Sarangkot located at the height of around 1500 m offers spectacular views of the Dhaulagiri Himals to the west, the Annapurna range, and even the Manasulu peaks to the east. The area can get crowded during winter mornings and evenings as tourists and guides gather to watch the mountains turning golden, and different shades of red during spectacular sunrises and sunsets. The Annapurna Sherpa Resort is close by, and my friends and I had spent several New Years’ Eves there. From Sarangkot, you can descend to the lakeside. The trail is steep and passes through several villages. You can watch the hang gliders taking off, their colourful canopies staying suspended in the air and eventually landing at the far side of the lake.    

Kahundada is the mountain immediately behind the hospital. A road has now been cut to the top but two decades ago you had to climb up through stone staircases. There is a view tower at the top and you can enjoy the view of the Himals without the crowds. However, there are no hotels near the top so reaching the tower in time for sunrise is challenging. Devi’s fall is another attraction. In Pokhara, the ground in most areas is made of soft limestone and this can get dissolved in the acidic rainwater. In the Deep campus of Manipal, there were sudden cave-ins caused by limestone erosion. Devi’s fall is said to be named after a Swiss lady, Devine who went swimming in the fall but was swept away by a sudden gust of water. The Nepali name is Patale ko chango (underground waterfall).

Devi Fall. Courtesy: Creative Commons

The Gupteshwar Mahadev cave dedicated to Lord Shiva is nearby. This bat cave (chamere gufa in Nepali) is the habitat of the horseshoe bats. The exit requires some climbing and is narrower than the entrance. There is a belief that only those who have not sinned would be able to exit the cave. One of my favourite walks was to the village of Mauja. The trail climbs up through green forests and waterfalls. Mauja is a typical hill village and a good weekend hike. Another excellent hike is from Naudanda to the lakeside. You can take a bus to Naudanda and then walk down to the lake. You pass through several villages. Kaskikot was the old capital of the kings of Kaski. There is a fort on the hilltop with a good view over the valley. There is also a Kashyap hill where the rishi Kashyap is said to have meditated. A few high-end tourist hotels have now been established here. The view of the blue waters of Phewa lake get bigger as you slowly approach the lakeside.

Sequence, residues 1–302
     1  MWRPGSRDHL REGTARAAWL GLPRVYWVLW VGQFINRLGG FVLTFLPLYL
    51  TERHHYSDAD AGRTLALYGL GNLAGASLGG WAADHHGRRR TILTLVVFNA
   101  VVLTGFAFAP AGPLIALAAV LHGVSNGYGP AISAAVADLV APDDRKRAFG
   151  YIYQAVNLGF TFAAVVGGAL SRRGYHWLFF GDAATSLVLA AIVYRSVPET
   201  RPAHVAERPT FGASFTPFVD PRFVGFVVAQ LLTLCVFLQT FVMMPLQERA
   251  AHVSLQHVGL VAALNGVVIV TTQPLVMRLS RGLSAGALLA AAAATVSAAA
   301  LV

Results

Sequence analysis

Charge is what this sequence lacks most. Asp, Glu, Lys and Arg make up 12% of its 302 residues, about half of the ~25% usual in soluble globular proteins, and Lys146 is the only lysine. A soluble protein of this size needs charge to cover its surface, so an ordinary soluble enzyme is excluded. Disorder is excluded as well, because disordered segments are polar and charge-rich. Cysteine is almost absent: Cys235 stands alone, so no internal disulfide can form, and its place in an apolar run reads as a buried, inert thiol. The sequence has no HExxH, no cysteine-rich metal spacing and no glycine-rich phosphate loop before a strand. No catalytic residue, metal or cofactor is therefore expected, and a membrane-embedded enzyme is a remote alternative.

Begnas and Rupa lakes are two other lakes in the valley. Begnas lake is less crowded and is famous for its fish stalls. A small, forested hill, Panchabhaiya Dada, separates the two lakes. The waters of Begnas look darker and deeper. The International Mountain Museum was opened in Pokhara in 2004. The location offers spectacular views of the Annapurnas. The museum has three main exhibition halls: the Hall of Great Himalayas, the Hall of Fame, and the Hall of World Mountains. The cultures of the mountain people are also depicted. Bindhyabashini temple, the oldest temple in Pokhara was established in the 1760s. There is an interesting legend about the temple. The King of Kaski dreamt about establishing the temple. He had his men go to Bindhyachal Parbat and bring back an idol of the Goddess. While returning the men camped for the night in the current temple location. The next morning, they found they could not move the idol, and the king when informed ordered the temple to be set up at the current location.  

I enjoyed reading the fascinating book by Jagannath Adhikari and David Seddon, Pokhara: Biography of a Town. Pokhara is today one of the fastest-growing towns in Nepal. Ekai Kawaguchi, a Japanese monk was an early explorer of Tibet which he approached through Pokhara and the Thak khola. He was deeply impressed by the beauty of Pokhara. He mentioned in his writings that during all his travels he had never seen a place that rivalled the beauty of Pokhara. Magical Pokhara weaves its charm on visitors and residents alike!     

Dr. P Ravi Shankar is a faculty member at the IMU Centre for Education (ICE), International Medical University, Kuala Lumpur, Malaysia. He enjoys traveling and is a creative writer and photographer.